Patients with a previous diagnosis of cancer, helminth parasite infections and allergic diseases were excluded. A total of 2353 patients met the inclusion criteria, 277 children without infections were comprised the control group. The demographic and baseline characteristics of all subjects are summarized in Table 1. The median age of bacterial group was younger than other groups (P<0.001). To eliminate confounding effect age-induced, we analyzed data matched for age.
Peripheral eosinophils count from each group
The mean of eosinophil in the neonates afflicted with bacterial infections particularly G- infections was significantly higher than age-matched controls (0.63±0.60 vs 0.44±0.20, P= 0.015). Blood eosinophil numbers in neonates was very high for virus group compared with the other groups, however, this did not result in an exploration as there were no statistically significant differences among them because of a little sample size of 22 subjects, the same as MP group(n=6) (Table 2). Of the 2353 patients enrolled in the final analysis, 255 patients with eosinophilia defined as the count ≥0.6 *109/L, respectively, were identified during the study period. In addition, results from patients with eosinophil levels and 24 pathogens were further compared. The supplemental figure 2A lists the etiological distribution of 255 patients with different eosinophil levels and pathogens. Among them, patients with eosinophils ≥0.6 *109/L make up respectively 43.5% and 42.0% of the total patients afflicted with CMV DNA+ and Kpn (Supplemental Figure 2B).
Correlation of peripheral eosinophils count with multiple clinical characteristics
A correlation was found between eosinophils with the age and pathogens by using the Spearman correlation coefficient test, whether 2 of 3 factors were controlled for (R = -0.27, 0.28; P<0.001), whereas no significance in eosinophils and diseases stage (R = 0.14; P = 0.062). In addition, significant differences were seen among pathogens with different age (R= -0.38; P<0.001). Patients admitted in ICU had higher eosinophils than outpatients (0.46±0.60 vs 0.16±0.24, P <0.001), but had no significant difference compared with control group (0.45±0.20, P>0.99). We found that blood eosinophil numbers were high for neonates (<0.1 year) with infection indicative of infectious status in neonates (Figure 1A). The number of subjects with eosinophils ≥ 0.6 cells/µL decreased with ages increased in virus and G- group (Figure 1B-C).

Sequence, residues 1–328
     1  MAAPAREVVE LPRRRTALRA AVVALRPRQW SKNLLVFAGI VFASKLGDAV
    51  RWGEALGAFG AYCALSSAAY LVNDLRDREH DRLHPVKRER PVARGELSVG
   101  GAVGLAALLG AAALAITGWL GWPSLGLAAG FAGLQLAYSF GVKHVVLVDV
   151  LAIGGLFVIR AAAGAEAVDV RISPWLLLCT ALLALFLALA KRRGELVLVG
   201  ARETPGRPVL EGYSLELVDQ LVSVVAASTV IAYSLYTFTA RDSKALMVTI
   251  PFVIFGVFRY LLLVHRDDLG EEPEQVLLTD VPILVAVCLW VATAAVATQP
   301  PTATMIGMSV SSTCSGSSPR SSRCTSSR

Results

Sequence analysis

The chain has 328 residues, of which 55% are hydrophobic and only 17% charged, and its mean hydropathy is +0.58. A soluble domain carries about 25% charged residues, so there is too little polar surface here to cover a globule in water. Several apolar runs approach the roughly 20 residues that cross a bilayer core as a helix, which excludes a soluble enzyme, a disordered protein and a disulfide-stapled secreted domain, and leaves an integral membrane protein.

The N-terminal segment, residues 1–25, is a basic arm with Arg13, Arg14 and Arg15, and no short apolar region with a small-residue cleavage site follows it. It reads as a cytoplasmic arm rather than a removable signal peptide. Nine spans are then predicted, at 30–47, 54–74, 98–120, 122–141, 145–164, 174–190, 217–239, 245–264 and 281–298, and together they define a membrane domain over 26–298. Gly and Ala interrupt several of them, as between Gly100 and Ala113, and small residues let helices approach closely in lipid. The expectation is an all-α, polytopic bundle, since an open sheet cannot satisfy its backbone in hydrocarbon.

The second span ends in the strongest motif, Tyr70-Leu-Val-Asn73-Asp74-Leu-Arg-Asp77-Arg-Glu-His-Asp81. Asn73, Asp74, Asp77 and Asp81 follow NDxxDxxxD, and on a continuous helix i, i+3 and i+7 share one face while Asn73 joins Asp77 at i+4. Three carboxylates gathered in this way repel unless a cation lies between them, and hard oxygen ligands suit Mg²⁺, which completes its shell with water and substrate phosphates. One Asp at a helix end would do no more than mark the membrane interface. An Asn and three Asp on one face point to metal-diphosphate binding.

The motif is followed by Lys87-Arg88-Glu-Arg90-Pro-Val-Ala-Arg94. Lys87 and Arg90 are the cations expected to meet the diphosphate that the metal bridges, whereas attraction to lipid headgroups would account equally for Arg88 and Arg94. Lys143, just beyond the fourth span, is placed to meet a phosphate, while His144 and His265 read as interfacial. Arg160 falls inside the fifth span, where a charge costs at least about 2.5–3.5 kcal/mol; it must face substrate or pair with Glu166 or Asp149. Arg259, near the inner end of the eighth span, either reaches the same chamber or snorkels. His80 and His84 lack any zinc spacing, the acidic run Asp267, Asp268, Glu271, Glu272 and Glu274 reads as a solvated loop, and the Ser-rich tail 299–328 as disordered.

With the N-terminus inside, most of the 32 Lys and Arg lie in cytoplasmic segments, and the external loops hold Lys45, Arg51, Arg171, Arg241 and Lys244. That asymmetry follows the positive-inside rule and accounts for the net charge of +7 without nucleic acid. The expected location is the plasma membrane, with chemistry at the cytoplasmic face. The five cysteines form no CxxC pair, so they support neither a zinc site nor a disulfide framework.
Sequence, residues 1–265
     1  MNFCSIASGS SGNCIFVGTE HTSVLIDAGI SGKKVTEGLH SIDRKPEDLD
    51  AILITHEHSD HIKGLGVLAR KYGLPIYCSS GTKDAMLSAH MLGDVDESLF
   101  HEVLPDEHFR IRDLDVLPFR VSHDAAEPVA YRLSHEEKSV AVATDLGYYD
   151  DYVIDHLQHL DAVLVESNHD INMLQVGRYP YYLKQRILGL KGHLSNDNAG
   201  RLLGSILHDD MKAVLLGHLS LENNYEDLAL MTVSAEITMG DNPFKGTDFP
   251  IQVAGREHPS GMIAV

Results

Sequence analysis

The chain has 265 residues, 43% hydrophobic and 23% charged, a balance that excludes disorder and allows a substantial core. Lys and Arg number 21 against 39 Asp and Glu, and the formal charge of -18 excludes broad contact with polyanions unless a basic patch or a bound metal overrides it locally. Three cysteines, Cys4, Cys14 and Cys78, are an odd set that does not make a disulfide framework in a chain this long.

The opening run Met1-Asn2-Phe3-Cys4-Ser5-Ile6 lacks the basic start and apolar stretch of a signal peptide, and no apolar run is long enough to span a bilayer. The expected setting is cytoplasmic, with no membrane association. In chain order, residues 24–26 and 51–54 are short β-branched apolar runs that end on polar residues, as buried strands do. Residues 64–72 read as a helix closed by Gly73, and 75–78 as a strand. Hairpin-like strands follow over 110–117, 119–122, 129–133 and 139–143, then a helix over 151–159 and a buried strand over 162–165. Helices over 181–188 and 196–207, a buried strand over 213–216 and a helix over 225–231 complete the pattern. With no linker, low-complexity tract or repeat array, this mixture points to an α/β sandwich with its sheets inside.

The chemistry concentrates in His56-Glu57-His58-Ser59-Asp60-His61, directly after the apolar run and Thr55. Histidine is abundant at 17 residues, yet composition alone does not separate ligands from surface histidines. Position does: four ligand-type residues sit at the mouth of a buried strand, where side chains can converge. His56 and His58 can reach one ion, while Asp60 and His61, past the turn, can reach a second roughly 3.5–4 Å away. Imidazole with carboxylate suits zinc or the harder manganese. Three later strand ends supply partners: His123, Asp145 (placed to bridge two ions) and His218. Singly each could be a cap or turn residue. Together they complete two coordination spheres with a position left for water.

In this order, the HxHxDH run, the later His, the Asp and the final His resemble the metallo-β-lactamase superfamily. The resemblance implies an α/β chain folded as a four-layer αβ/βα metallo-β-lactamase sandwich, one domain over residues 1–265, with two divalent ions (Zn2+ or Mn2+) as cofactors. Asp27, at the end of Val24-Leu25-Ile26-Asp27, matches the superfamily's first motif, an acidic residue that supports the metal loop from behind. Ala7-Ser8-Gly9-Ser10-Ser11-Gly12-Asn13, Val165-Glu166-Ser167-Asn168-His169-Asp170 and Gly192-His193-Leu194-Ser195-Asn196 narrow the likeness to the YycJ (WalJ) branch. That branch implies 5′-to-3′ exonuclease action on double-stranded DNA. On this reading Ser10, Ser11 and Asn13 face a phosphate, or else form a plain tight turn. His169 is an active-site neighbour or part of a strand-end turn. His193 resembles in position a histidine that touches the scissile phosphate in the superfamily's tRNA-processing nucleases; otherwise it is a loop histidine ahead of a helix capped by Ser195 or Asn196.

We collected the settings where the patients admitted to, 1631 of the total 2353 children were outpatients, 542 from the general internal medicine department and 180 from the intensive care unit (ICU). The mean eosinophils count at ICU was higher than those of the other two settings. Patients who were bacteria positive possessed a higher number of eosinophils in ICU as well as the general internal medicine department than outpatients (0.46±0.60, 0.35±0.45 vs 0.16±0.24, P <0.001, <0.001), whereas no significant differences were seen with eosinophil count in the patients from ICU and control group (0.46±0.60 vs 0.45±0.20, P>0.99).
The results as shown in the table 2 demonstrated that patients infected with virus, MP and bacteria particularly G- organisms had higher eosinophil numbers compared to age-matched controls in neonates, however, there were no statistically significant differences between patients aged >0.1 year and the controls.
We did not always obtain paired samples for 3 stages of diseases, we lost samples for analyses. For the specific analyses reported here, we only obtained complete data sets from 168 patients (25 on group 1, 47 on group 2, 87 on group 3, and 9 on group 4).Using repeated measures, as is shown in the supplemental table 1, eosinophil numbers of group 1 decreased over hospitalization time, whereas those of group 2-4 reached their peaks on the acute stage, however there were no statistical significant differences in terms of eosinophil count with infection progression (P = 0.101), whether combined with the pathogen. In other words, there was no interaction in terms of eosinophils between stage and pathogen (P = 0.067).
Diagnostic value of eosinophil for infection
Areas under the receiver operating characteristic curve (AUC) was found to have a value of 0.64 (95% CI: 0.56–0.71) for eosinophil alone, which had no significant differences with the value of 0.68 (95% CI 0.61–0.75) for CRP alone in neonates with infections (consist of virus, bacteria and MP). The cutoff value for eosinophil was 0.60 *109/L, with a sensitivity and specificity, PPV, and NPV of 52.6%, 82.4%, 71.7% and 64.5%, respectively. When eosinophil was combined with CRP, the AUC was 0.81 (95% CI 0.75–0.86), with sensitivity, specificity, PPV, and NPV values of 60.6%, 99.3%, 97.1% and 67.1%, respectively. There were significant differences when compared with CRP alone in neonates with infections (P = 0.021). (Table 3, Figure 2A). Furthermore, we also analyzed the diagnostic value of eosinophil in neonatal patients with G- bacteria and virus (Figure 2B-C).